Scratch is an interactive programming tool that allows you to make program different animations and make them do what you want them to do. As an adult, for myself, I do not see myself using this program much if at all, but for the younger crowd, elementary and middle school age, I can see this being something fun to do while learning how to use programing tools. With technology being to prevalent, it is important for the youth to be engaged in these types of tools and programs, which can only help them develop their technical minds for later projects.
I believe it’s just as important to save and keep digital records of current historical events such as 9/11 and the Virginia Tech tragedies in recent American History. Just in my lifetime I have witnessed an array of natural disasters and 9/11, with my own stories to tell about the events. Years from now people will look up these events to write papers and research on, and being able to see images from the eyes of regular people who witnessed the events is priceless. First hand source accounts of what happened, from many different sources, can paint the picture of what really happened in such events, not just what was covered by the media and government sources. I thought the Hurricane Katrina and Rita site was very powerful in gathering up and reading actual accounts of what happened to the people who were there. Along with pictures, maps, and personal accounts, site like this will only serve as tools in persevering the recent past and retrieving it in a timely manner.
This weeks readings included sites which contained information on which words were used in different time periods. Sites such as the Time Magazine Corpus compare which words used from 1923 to the present and its frequency. I think it’s cool that there are agencies and corporation gathering data like this, because with tools like this, we are able to see how our language has developed and changed. Historians and Sociologists can use these tools to track patterns and popular language trends.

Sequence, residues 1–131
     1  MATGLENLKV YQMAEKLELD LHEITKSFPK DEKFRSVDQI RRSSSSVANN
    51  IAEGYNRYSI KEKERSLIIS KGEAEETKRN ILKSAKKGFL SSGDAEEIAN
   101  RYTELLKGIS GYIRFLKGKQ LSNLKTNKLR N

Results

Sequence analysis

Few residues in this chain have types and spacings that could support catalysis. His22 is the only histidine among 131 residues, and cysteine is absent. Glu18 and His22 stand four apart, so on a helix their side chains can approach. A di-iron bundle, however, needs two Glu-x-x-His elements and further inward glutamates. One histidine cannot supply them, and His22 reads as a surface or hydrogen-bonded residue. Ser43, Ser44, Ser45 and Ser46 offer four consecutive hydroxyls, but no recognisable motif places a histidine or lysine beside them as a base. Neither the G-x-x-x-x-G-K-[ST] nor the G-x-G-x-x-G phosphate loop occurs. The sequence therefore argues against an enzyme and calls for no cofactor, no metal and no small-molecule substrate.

In Edward Tufte’s article “PowerPoint Is Evil”, he makes several points about Microsoft PowerPoint slides shows, exclaiming that “… PowerPoint presentations elevates formats over content, betraying an attitude of commercialism that turns everything into a sales pitch.” He believes that because there is a limited space where words and charts can be displayed, the information is basically ‘dumbed’ down and overly simplified in order to grab the attention of its audience. I can personally relate to the skepticism of using PowerPoint slides in certain arenas, such as church. I remember visiting a church in the early 2000’s that were using PowerPoint slides during the sermon. Coming from a traditional Roman Catholic background, I found this to be very impersonal and at first had a hard time taking this particular institution religiously serious. I remember feeling like I was in a seminar vice Sunday congregation. Since then I have come accustom to some churches using PowerPoint slides, understanding that times have changed and this is a way to get the key points out to the people, but it still doesn’t feel “right.”